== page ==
• When casting directors go through submissions, they are mostly concerned with the current projects they are casting. If you are submitting for a current project and they like what they see, they'll put your headshot into the "call" pile. But often you are not right for the project, and if they don't already know your work they'll likely throw away your headshot rather than filing it away for future reference. Therefore (like above) the answer to, "Have you gotten my submission?" will almost always be "I don't know."

Of course, if you have a strong referral or you have a certain look that they are going for but can't use right away, there is a slim chance that they'll hold onto your headshot and plan to call at a later date. But in this case, they already had you in the "yes" pile, so your call won't necessarily push them over the edge.

Now, IF you happen to call on the same day that your envelope hits there desk, there may be a chance that your charm over the phone will encourage them to take a look at your headshot a little longer. That would be something worth considering.

To answer your specific question (about why I think it may be outdated advice): It used to be that all submissions came through the mail, so agents & casting directors paid special and specific attention to the physical headshots and resumes that came via the post office. But since most industry folks meet actors through workshops, showcases and referrals by phone/email, and since most projects are cast online through Breakdown Services, industry pros are paying less and less attention to what comes in through the mail. I think this means that our method for follow up needs to change as well. Follow up by phone still happens in the corporate world, but it accepted less and less in our world.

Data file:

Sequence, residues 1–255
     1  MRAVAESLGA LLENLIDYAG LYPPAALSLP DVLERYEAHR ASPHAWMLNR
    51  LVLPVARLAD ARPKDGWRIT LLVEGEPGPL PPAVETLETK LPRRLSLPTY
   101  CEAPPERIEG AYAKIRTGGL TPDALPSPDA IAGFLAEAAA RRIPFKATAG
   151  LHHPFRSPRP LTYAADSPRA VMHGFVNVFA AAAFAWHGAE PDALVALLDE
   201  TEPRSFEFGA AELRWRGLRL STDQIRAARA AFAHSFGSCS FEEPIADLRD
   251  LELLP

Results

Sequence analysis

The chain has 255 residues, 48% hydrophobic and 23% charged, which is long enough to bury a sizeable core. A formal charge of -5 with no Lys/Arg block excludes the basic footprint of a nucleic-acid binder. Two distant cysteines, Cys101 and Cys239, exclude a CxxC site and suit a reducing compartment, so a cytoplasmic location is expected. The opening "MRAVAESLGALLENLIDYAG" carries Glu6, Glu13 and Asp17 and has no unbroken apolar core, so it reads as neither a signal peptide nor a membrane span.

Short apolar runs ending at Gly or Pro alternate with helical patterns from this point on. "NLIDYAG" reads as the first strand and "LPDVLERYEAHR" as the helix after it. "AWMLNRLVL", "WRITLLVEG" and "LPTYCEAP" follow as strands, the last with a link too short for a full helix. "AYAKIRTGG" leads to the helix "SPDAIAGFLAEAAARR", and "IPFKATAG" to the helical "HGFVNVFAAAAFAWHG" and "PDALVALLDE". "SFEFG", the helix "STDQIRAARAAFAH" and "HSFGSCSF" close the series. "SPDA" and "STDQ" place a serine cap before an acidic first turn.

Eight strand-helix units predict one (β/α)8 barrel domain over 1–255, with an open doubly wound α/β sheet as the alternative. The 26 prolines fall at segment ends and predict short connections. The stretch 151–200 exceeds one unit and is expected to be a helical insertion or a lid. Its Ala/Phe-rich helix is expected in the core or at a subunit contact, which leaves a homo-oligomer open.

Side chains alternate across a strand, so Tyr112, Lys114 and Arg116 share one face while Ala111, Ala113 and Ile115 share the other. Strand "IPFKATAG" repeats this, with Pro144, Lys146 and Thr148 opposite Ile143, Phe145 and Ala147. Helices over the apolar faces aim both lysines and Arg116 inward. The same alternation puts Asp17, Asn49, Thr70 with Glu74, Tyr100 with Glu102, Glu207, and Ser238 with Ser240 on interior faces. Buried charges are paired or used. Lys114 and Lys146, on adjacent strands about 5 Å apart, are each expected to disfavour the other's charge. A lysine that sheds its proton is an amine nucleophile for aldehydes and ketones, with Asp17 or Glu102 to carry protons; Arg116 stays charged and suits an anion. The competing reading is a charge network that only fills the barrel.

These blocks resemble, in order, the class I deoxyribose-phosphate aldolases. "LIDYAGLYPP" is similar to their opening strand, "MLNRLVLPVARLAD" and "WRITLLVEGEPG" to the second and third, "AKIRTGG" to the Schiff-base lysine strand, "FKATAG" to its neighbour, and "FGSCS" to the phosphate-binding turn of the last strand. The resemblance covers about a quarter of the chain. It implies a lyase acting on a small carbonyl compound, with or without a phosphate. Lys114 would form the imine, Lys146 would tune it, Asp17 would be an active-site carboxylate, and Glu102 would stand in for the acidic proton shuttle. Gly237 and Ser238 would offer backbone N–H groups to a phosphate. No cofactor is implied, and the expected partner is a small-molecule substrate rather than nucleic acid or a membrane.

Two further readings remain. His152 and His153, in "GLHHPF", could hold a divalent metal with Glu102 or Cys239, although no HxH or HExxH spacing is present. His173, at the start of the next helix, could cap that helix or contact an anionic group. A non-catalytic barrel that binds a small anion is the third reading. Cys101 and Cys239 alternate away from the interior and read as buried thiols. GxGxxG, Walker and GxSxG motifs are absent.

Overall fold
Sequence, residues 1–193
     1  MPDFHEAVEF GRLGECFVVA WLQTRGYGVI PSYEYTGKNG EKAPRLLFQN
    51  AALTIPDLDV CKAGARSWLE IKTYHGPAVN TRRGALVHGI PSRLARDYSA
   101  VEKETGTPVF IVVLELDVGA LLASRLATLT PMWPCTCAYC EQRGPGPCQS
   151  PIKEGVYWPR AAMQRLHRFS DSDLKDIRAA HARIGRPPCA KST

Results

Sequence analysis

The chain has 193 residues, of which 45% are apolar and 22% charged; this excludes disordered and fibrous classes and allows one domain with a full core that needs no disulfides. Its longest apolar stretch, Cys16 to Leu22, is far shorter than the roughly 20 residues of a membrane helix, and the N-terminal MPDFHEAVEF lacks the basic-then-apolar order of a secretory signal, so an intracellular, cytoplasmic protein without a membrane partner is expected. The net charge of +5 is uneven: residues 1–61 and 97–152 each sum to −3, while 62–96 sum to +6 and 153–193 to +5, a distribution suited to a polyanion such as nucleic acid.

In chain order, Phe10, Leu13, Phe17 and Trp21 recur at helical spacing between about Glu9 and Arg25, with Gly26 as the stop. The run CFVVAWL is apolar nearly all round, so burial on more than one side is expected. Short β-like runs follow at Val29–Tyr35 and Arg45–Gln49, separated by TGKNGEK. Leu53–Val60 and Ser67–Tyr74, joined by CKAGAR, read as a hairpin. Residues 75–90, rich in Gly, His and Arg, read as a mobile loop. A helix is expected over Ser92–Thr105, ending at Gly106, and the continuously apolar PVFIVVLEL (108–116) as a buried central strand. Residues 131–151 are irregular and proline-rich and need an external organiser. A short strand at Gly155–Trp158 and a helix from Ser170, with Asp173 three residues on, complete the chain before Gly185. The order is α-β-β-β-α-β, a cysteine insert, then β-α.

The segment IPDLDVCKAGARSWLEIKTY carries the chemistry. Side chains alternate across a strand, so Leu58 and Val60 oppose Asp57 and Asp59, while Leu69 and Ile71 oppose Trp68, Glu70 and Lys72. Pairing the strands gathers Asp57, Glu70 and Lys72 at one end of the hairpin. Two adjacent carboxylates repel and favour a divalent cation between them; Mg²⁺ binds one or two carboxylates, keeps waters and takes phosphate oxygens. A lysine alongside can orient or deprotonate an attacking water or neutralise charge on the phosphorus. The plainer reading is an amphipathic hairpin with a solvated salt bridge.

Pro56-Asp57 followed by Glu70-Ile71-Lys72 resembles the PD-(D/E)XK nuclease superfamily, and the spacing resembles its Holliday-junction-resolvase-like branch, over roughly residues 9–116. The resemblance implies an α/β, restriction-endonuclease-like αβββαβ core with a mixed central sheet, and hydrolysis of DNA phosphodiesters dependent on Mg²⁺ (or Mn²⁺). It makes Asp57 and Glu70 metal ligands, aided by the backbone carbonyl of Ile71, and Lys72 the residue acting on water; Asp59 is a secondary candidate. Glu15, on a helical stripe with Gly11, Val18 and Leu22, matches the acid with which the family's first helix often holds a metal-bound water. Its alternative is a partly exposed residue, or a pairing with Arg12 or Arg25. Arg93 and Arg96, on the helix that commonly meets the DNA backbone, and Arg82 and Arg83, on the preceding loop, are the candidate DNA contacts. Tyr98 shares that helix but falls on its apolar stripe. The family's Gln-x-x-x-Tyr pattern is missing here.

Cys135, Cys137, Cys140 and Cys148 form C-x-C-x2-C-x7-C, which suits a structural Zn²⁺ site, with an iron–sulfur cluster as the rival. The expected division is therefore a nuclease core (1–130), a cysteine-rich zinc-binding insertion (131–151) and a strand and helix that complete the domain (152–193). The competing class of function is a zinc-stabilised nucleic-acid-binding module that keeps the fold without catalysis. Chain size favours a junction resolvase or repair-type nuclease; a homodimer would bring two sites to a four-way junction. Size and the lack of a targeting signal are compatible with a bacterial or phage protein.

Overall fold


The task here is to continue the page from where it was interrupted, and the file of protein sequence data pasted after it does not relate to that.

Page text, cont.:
That all being said: If you can handle the rejection you might feel by agents & casting directors (and their associates) being rude when you call, I'd say you should do it. Run your business the way you see fit. I think using the phone is a perfectly acceptable way to do business, and I wish our industry would embrace it as a more fair and equitable way to build relationships. But I am hearing more and more that agents & casting directors don't want that kind of conversation with actors, which is why I piped in.

Hope this answers your question (and sorry it was so long!) Please let me know if you need anything else- always glad to help!

As a Post Script- commeagent seems to have gotten some backlash, because he just posted this on Twitter (BTW- these are his typos, not mine): "You know what...Changed my mind. Folow up to your heart's content. Who knows what mysteries lurk on the end of the phone. New Attitiude." 

Erin Cronican's career as a professional actor and career coach has spanned the last 25 years in New York City, Los Angeles and San Diego. She has appeared in major feature films and on television, and has done national tours of plays and musicals. She has worked in the advertising & marketing departments of major corporations, film production companies, theater magazines, and non-profit acting organizations. To learn more, check out